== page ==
September 07, 2007,
R.H. asks from Fredericksburg, VA on July 31, 2007
8 Month Old Won't Sleep More than 3 Hours at Night
My little girl is 8 months old. She has never been able to sleep more than 3 hours at a time at night. It really doesn't matter where she is sleeping (my bed or her crib). She wakes up, flips around like she is going to crawl and looks around for me. Sometimes she starts crying and won't stop until I pick her up. I usually feed her when she wakes up because that usually puts her straight back to bed, but that she just wakes up 3 hours later. Does anyone have any idea why she might be doing this and what I can do about it? Thanks
S.L. answers from Washington DC on August 01, 2007
My now one year old son didn't sleep well at night for the longest time. Now he is sleeping 12 hours straight! Here is what I had to do...do not feed her when she wakes up, she isn't hungry and it only gives her a reason to wake up. I would suggest sleeping in a different room because she is very dependent on having you there when she wakes up and this is only going to get worse and harder to break. Babies develope separation anxiety around that age and freak out when they wake up until they learn how to put themselves back to sleep and comfort themselves. This is a huge tool to give them...and you. When she wakes up, let her cry (I know it's hard but stand your ground, once you start you can't go back) for about 5 minutes. Watch the clock b/c it will seem longer to you. Then go in pat her back, giver her a pacifier or maybe start putting a toy in bed with her then leave the room. Let her cry for 7 minutes and do the same thing, then 10 and so on until she goes to sleep. The first few nights this process may take an hour but once she realizes that she isn't getting what she wants she will either not bother waking up or will just put herself back to sleep. If she wakes up and she is not crying - do not go in! You will only make it worse. My son was waking up 3-4 times a night around that age and in about a week I had him down to only 1 time. I kept nursing him at 4am until I finally realized that he wasn't going to give that up on his own so I stopped feeding him then too. Now he sleeps 12 hours straight. I put about 4 pacifiers in his bed so he can always find one! I'm sure he feels better with a good nights sleep just as I do. Good luck!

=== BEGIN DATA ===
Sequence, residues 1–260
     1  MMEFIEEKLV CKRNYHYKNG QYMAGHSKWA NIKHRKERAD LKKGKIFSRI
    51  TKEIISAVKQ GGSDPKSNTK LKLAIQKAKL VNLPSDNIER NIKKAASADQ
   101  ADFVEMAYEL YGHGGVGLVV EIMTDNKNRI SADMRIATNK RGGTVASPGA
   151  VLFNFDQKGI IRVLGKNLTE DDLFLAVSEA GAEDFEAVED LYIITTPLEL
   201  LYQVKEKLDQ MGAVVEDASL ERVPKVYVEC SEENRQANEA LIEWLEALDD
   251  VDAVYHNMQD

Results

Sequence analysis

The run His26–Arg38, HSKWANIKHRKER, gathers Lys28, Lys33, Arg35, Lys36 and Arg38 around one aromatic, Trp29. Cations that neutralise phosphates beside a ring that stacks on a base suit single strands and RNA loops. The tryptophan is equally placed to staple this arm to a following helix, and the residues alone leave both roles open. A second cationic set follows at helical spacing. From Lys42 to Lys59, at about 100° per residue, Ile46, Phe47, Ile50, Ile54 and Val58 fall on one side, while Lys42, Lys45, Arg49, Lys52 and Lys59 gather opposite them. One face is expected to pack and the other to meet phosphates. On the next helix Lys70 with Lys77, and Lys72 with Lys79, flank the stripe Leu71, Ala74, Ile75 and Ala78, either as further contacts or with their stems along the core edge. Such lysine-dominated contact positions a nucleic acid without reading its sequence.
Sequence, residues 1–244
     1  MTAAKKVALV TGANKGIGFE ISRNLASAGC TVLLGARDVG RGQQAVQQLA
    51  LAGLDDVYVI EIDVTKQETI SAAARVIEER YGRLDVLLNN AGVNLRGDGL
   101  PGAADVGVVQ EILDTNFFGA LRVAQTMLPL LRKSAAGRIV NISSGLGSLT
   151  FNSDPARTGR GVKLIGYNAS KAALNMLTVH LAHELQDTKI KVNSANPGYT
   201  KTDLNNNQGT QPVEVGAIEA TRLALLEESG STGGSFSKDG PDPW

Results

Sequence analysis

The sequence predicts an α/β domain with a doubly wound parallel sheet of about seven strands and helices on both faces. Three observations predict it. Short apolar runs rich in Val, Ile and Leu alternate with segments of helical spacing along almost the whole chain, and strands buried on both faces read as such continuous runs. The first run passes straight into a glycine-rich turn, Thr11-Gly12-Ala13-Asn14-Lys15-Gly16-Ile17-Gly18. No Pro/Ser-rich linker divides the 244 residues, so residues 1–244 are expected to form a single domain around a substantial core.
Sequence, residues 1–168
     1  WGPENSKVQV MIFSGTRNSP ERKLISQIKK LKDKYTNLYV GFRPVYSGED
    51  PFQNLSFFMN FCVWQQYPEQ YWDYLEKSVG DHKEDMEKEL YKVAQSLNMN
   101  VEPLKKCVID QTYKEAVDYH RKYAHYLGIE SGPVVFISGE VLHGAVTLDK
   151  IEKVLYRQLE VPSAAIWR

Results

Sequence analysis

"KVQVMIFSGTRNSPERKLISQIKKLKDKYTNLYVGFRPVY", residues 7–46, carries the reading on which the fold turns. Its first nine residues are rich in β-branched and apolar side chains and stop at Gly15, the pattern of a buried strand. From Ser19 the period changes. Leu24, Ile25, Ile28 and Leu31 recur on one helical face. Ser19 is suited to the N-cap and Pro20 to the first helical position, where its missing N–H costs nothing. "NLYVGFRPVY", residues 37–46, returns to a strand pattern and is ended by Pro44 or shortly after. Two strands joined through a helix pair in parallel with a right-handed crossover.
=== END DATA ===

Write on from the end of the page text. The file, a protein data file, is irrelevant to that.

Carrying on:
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C.D. answers from Washington DC on August 01, 2007
Every kid is different. My son didn't sleep longer than 3-4 hours at a time (at least on a regular basis) til he was 2. He needed the reassurance that I was there I think. He is a very social person and I think he just wanted to know someone was around. Like you I would nurse him back to sleep cause he would fall right back asleep. I tried just rubbing his back, putting him to sleep in his bed when he was totally tired, everything the books suggested, except for crying for hours, and nothing worked. Now he sleeps thru the night and tells me if he is tired and is ready for bed. I think he just had to be ready to do it. Hope this helps. At least you know you aren't alone and I feel your pain and tiredness.
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S.S. answers from Washington DC on August 06, 2007
Teething may be an issue,but with my son, I gave him a little cereal in his night time bottle. He was sleeping through the night at 3 months.
A.L. answers from Washington DC on August 01, 2007
First off do you have a bedtime routine?? My suggestion is to get a routine, one that she will get used too. At about 7:30 pm or 8 pm, give her a bath, read a story, say prayers (if you do that) make sure everything around her is condusive to sleep, lights low, house or room quiet and put her to bed. Also you might want to limit day time naps if she is going to sleep alot during the day, she may not be so sleepy at night, also if she takes a nap close to bedtime (you know like around 6 pm or so not a good idea). Also if you are nursing her, maybe something you are eating is keeping her awake, say if you drink a lot of sodas with caffeine, or tea or coffee, she just might be wired. I hope these help.
L.M. answers from Harrisburg on August 19, 2007
Could this be something medical? Have you ruled out Reflux? This is not unheard of with infants? Is it possible that every three hours she is refluxing and the burning in the back of her throuat causes her to wake up?